By TARA CONNOLLY Staff writer
More and more Americans describe themselves as “spiritual but not religious” and seek to find God in sunsets and walks along the beach.
While God is present in the nature he created, Dr. Carmina Chapp told faithful during “Truth: What the Catholic Church Really Teaches” that being devoid of religion, ritual and doctrine may prolong their entrance into heaven.
Chapp, program director of Online Theology Programs at St. Joseph College, Standish, Maine and co-owner of Dorothy Day Catholic Worker Farm, Harvey’s Lake, led the informal discussion “Spiritual but Not Religious,” with more than 50 people Nov. 14 at the Diocesan Shrine of St. Therese of Lisieux, Nesquehoning.
“I am always striving in my spiritual life,” she said.
“But if I say I don’t need religion, I become my own God. I am no longer accountable to God, to morals or to others. If I believe God likes me just the way I am, then I don’t have to change or grow. There is a real danger to that.”
She pointed to ceremonial aspects of the Catholic religion and said rituals like Mass create a bond with other people.
“Because we are human, we are drawn to things that bring us together. In our rituals we aren’t simply coming together to hang out. We come together to have an experience with God such as talking to him and meeting him. Our rituals as Catholics bring us together with God, the communion of saints and with those who come after us,” said Chapp.
Rick Dooley, assistant director of the Diocesan Office of Adult Formation, then asked Dr. Chapp to explore why the Church is needed since it is imperfect.
“The Church is Christ himself,” she said. “That’s our religious belief. Our spiritual life has to strive to embrace that part. That is very hard to do today with all the wounds in the Church.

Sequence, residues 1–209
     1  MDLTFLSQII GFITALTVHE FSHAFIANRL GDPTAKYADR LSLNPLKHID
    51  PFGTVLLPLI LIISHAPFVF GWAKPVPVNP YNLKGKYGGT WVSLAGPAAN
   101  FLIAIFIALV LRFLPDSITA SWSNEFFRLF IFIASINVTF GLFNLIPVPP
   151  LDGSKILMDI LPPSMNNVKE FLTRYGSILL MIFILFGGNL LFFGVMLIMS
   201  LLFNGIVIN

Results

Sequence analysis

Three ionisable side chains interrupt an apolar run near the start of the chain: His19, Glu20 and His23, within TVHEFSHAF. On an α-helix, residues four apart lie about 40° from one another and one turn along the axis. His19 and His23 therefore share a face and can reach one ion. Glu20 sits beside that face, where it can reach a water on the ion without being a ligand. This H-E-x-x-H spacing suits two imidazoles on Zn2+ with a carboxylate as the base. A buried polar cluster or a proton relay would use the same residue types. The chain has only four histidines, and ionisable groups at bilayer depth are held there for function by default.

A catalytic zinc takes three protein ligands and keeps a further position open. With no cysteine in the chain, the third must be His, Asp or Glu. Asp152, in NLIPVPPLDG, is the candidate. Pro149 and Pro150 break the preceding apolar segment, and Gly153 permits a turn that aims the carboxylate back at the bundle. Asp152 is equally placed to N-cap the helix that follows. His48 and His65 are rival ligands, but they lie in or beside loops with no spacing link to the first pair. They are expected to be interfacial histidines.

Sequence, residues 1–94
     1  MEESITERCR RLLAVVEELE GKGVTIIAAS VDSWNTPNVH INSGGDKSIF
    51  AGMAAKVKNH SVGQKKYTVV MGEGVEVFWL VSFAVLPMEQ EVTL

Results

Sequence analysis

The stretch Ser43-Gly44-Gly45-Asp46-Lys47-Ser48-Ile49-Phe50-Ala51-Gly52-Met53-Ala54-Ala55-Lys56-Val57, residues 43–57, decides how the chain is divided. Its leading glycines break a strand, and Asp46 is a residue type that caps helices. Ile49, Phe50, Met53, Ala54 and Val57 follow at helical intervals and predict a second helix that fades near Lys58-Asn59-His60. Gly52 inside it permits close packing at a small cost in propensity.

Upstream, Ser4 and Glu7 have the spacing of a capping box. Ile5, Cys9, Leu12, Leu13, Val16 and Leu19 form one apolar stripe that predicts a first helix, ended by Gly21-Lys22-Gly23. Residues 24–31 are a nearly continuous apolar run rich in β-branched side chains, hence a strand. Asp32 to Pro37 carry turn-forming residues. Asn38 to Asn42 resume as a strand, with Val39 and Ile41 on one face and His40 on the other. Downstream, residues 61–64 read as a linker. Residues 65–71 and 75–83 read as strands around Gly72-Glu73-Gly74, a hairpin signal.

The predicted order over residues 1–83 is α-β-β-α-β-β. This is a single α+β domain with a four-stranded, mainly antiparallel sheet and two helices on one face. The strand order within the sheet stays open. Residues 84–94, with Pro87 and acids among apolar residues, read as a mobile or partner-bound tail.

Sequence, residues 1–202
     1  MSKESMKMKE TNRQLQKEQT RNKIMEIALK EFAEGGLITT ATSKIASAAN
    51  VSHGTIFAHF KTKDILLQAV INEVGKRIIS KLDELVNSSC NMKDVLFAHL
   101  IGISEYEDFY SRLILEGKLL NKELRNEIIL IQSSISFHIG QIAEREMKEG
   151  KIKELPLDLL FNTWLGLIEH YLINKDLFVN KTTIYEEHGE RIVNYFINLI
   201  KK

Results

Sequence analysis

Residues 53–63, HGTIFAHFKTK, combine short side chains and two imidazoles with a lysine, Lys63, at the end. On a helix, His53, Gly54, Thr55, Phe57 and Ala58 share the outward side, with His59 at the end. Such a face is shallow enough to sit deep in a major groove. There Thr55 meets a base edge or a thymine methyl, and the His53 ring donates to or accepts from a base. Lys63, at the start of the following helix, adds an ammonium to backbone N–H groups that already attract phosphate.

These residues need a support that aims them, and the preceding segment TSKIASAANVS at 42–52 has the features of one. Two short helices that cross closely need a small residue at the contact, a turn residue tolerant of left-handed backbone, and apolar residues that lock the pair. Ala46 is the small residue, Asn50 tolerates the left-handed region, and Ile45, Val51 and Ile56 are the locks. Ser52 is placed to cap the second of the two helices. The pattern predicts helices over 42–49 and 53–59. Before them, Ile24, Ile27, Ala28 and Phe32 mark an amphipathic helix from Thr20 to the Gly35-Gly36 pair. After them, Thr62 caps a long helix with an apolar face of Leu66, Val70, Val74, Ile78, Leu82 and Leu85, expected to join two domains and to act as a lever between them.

“The Church is indefectibly holy because of Christ – not the people who failed Christ,” said Chapp.
In their spiritual lives, she told the faithful, they need to know what they are striving for – such as trying to be like Christ and emulating the saints.
“We need the Church because we need to know what it is to be a true follower of Christ. If we truly know who Christ is, then we can recognize what Christ is not,” said Chapp.
The Catholic faith, according to Chapp, believes in the incarnation of Christ – meaning Jesus, the Son of God, took on human flesh and is the only religion that has the Eucharist.
“If one is serious about their spiritual life, they will seek the truth about being a human being, where we came from and where are we going,” she said.
As for the difference between Catholicism and other Christian faiths, Chapp said Christian faiths broke away from Catholicism or rejected some aspect of the faith.
“Our faith is whole. You can’t take a piece out. Our faith is systematic. If one thing changes, everything else falls apart,” she pointed out.
Like the ritual of the Mass, Chapp said when the sacrifice of the Mass is taken out – the ritual is changed and the belief becomes different.
“If I am not shooting to be with God, what am I living for? That’s why we need the Church and the community. If I believe my end is to be with God – I don’t fear being a martyr. We are all martyrs today in the Church. And I am not going to leave because I meet Jesus in the Eucharist. No one else has it,” she said.
In the Catholic religion, she said, faithful experience God more intensely in Mass and are able to see God in others when they go out into the world.
Other rituals in the Church, like the sacrament of reconciliation, bring Christ closer to his people.
“The priest’s words of absolution is Jesus Christ forgiving you,” stressed Chapp.
“God already forgave you before you even came to confession. He is just waiting for us to ‘ask’ for forgiveness and repent,” she said.
“Our confession reconciles us with the Church – not just God. Sin hurts our relationship with one another. Mortal sin separates us from the Body of Christ, and you want to be back in the Body of Christ.”